The United States is supposed to offer economic opportunity to everyone. It shouldn’t take a worldwide pandemic and nationwide protests to bring economic and racial inequality to the forefront of problems we desperately need to solve. But now that the opportunity is here, what should we do? How can we create more equality, opportunity, and growth for everyone? Not someday, but what can the government and the private sector do right now to disrupt a status quo that almost everyone wants to change?
In Common Sense, New York Times best-selling author Joel Greenblatt offers an investor’s perspective on building an economy that truly works for everyone. With dry wit and engaging storytelling, he makes a lively and provocative case for disruptive new approaches―some drawn from personal experience, some from the outside looking in.
12 p.m.: Welcome Remarks: Donna Rapaccioli, dean of the Gabelli School of Business
12:05 p.m.: Speaker Introduction: David Cowen, president/CEO of the Museum of American Finance
12:08 p.m.: Discussion: Joel Greenblatt
12:45 p.m.: Audience Q&A
1 p.m.: Closing Remarks: David Cowen
About the Speaker
Joel Greenblatt serves as Managing Principal and Co‐Chief Investment Officer of Gotham Asset Management, the successor to Gotham Capital, an investment firm he founded in 1985. Since 1996, he has been an adjunct professor at Columbia Business School, where he teaches a course titled Value and Special Situation Investing. Greenblatt is a director of Pzena Investment Management Inc., a global investment management firm. He formerly served on the investment boards of the University of Pennsylvania and the UJA-Federation of New York. Greenblatt is the author of You Can Be A Stock Market Genius (Simon & Schuster, 1997), The Little Book That Beats the Market (Wiley, 2005), The Little Book That Still Beats the Market (Wiley, 2010), The Big Secret for the Small Investor (Random House, 2011), and Common Sense (Columbia University Press, 2020). He is the former chairman of the board (1994‐1995) of Alliant Techsystems, an NYSE‐listed aerospace and defense contractor. He holds a bachelor’s degree (1979), summa cum laude, and an M.B.A. (1980) from the Wharton School of the University of Pennsylvania.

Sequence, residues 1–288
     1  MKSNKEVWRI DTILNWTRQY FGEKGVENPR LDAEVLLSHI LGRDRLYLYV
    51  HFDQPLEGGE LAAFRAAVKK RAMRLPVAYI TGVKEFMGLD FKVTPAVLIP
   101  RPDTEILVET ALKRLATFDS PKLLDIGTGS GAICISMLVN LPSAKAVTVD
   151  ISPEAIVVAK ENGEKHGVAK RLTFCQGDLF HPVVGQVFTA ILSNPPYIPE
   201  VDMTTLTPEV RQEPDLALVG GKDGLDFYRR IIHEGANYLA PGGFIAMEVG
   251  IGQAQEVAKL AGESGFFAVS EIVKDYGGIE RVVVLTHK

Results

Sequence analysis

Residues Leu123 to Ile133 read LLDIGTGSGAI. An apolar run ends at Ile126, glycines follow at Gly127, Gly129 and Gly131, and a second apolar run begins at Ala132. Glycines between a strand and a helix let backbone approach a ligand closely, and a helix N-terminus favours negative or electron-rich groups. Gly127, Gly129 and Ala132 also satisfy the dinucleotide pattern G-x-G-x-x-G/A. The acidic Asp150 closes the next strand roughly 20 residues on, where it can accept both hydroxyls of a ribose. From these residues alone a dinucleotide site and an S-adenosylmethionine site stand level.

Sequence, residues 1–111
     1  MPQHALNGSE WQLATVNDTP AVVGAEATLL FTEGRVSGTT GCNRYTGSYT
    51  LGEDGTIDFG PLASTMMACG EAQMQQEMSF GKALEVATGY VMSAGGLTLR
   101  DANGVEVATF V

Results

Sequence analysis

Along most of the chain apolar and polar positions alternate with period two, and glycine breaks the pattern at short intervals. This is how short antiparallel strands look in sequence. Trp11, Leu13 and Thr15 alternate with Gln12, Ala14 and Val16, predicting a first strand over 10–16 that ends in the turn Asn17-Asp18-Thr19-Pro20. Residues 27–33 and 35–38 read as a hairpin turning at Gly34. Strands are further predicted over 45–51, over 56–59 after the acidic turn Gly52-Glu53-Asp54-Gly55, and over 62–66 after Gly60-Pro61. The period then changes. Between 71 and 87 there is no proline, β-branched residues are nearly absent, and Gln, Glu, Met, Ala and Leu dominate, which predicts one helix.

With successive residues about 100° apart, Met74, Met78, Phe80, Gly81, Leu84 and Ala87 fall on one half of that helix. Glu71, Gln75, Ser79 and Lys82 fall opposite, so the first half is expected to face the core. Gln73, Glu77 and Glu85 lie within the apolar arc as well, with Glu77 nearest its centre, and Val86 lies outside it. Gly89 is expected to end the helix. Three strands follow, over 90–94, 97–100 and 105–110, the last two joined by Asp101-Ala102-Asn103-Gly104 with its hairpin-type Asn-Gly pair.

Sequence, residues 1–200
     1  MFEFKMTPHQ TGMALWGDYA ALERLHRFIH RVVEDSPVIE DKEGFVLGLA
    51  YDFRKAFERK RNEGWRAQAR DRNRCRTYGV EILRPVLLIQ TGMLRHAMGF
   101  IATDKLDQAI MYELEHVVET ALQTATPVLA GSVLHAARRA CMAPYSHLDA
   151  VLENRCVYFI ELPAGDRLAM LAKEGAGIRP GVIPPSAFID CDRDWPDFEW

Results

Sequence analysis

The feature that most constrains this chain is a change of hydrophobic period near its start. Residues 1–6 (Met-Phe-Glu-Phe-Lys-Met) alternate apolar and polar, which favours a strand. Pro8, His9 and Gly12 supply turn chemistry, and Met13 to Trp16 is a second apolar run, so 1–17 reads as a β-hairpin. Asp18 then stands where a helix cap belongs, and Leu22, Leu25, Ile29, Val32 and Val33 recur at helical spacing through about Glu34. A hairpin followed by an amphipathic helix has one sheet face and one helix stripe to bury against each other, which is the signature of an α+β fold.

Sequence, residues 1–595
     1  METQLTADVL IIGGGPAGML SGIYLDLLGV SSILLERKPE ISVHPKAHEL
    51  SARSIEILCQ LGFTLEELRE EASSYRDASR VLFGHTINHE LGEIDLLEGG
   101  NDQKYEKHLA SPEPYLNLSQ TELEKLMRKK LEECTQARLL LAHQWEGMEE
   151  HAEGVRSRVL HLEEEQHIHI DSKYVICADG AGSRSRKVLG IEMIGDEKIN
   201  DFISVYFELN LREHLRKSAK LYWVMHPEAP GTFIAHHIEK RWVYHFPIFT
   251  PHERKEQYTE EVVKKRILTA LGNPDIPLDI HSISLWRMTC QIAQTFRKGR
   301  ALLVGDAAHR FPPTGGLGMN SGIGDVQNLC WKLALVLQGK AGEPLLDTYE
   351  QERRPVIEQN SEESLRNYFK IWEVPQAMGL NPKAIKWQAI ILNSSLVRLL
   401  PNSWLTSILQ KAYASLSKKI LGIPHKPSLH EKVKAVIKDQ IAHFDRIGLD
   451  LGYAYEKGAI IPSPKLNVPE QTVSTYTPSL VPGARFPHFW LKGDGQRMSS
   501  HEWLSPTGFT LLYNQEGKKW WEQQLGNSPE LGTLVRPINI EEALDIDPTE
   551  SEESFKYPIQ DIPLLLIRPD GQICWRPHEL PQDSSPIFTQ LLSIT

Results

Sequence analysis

This event is co-sponsored with the Museum of American Finance and CFA Society New York.
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